In our testing utilizing the Sysmark benchmark View 4 used 40% less bandwidth when run on a 1Mbps network compared to running the same test on a 100Mbs network. However, XenDesktop 4 used essentially the same bandwidth in both cases – pointing out the weakness of a fixed quality system – Citrix cannot take advantage of additional network resources when available. Miercom used 100Mbps as their ‘WAN’ for the single user test which skews the results and is not a real deployment scenario. To reiterate – the PCoIP protocol dynamically adapts the image quality based on the available network resources – thusly View 4 favors the best user experience when operating on an unconstrained network. So using a single user session to measure bandwidth performance is not a valid testing scenario. A more realistic scenario would be to compare View 4 to XenDesktop 4 on a constrained network supporting multiple users – this would result in significantly less bandwidth used by each View 4 session, while giving the best experience possible for the concurrent users.
Flash video was delivered with an average of 65% less CPU usage, 89% less bandwidth, and excellent Quality of Experience by XenDesktop 4 compared to View 4
Part of the strength of PCoIP is the fact that it adapts to the network. So, if you were to test a single desktop, as an example running multimedia, then you would observe that PCoIP consumed whatever bandwidth was available at the time. If bandwidth is available, it will use it to deliver the highest quality experience. If bandwidth is restricted, as is recommended in constrained environments, PCoIP “throttles down” to consume less bandwidth and is a “good citizen” in the network. Our customers report that PCoIP has been game changing for them and enables the delivery of a desktop environment that is secure, scalable, and easy to manage. With regards to the flash video test, this is not an apples to apples comparison – since the tests were conducted running Flash redirection with an unrealistically high packet loss of 0.5 to 5%. A correctly provisioned network will have packet loss of 0.1% or less which would result in great video performance.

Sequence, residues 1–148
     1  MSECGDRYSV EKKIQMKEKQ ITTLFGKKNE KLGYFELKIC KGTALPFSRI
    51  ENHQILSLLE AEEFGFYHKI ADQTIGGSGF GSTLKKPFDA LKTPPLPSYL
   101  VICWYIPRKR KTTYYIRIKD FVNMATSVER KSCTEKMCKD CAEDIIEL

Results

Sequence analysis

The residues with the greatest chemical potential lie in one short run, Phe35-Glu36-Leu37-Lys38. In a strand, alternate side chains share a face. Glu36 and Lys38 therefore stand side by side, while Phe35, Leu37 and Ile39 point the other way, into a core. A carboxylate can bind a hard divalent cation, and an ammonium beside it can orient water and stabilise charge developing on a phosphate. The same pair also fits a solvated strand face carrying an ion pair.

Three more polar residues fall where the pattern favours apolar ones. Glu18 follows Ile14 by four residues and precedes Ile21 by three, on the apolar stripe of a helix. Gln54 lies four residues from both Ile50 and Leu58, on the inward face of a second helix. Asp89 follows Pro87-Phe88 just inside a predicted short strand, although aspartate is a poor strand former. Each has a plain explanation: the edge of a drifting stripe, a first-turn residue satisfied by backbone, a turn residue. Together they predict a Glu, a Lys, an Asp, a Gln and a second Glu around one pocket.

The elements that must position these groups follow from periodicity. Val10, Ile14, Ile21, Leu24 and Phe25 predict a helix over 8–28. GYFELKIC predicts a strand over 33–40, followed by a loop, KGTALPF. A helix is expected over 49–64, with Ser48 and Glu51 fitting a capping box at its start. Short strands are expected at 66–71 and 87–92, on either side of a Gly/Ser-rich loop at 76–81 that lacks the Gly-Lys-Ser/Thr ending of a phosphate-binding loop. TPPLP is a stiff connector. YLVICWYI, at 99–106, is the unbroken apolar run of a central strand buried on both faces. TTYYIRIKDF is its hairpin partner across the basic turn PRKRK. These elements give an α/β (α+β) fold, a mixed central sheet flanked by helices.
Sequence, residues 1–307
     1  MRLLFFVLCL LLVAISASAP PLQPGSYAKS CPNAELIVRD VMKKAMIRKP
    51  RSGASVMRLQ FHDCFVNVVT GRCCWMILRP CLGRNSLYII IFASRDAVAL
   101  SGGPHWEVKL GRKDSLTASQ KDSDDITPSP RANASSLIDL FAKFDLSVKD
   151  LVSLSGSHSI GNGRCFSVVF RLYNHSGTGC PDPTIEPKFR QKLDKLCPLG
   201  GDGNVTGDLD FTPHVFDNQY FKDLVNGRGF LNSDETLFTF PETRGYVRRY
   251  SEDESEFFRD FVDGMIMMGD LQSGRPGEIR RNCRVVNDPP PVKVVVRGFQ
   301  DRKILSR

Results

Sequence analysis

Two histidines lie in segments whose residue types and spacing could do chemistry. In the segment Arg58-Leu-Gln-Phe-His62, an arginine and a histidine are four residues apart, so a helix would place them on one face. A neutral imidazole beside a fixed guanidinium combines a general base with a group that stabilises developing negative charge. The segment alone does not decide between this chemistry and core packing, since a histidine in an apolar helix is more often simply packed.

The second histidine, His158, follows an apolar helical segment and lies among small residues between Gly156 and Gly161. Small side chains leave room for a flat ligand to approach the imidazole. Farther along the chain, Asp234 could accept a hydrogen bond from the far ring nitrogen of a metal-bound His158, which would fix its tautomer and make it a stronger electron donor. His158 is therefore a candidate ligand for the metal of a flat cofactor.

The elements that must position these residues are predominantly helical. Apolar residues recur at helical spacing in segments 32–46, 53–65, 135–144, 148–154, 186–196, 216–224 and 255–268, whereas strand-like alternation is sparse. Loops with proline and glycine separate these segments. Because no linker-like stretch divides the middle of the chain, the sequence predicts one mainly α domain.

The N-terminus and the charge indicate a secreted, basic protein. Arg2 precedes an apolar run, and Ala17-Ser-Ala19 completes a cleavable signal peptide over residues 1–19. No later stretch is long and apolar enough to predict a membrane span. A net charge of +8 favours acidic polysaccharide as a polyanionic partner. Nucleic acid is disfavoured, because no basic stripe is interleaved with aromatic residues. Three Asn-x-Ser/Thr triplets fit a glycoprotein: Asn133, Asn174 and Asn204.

Overall, XenDesktop 4 uses system resources more efficiently and is capable of scaling more effectively
Interesting that Miercom/Citrix does not call out the management costs of HDX Flash optimization/redirection. In addition to requiring a more powerful (and costly) client, the client media CODECs must be constantly updated as Adobe, Microsoft etc update their media protocols. Only VMware View 4 supports a true zero client on the desktop to provide the lowest operation cost, highest security and future-proof scalability (supports any media or graphics). In closing, we really do believe that VMware View is the only desktop virtualization product that has been designed from the ground up to deliver and manage virtualized desktop environments as a service. And, we do that with less cost and complexity than any other solution on the market.
A great argument made by VMware. No, VMware didn’t have numbers or diagrams or an outside consultant come in to validate their product, did they need to? I feel like the product speaks for itself. Again, maybe Citrix XenDesktop doesn’t work for your infrastructure, the same could apply to VMware View. In conclusion, it all comes back to making the decision that fits best with your infrastructure’s needs/wants/goals. Marketing, reports, or numbers shouldn’t sway you. Get an evaluation copy from both vendors and do a test run, this is the only true way to decide on who comes out on top, Citrix or VMware.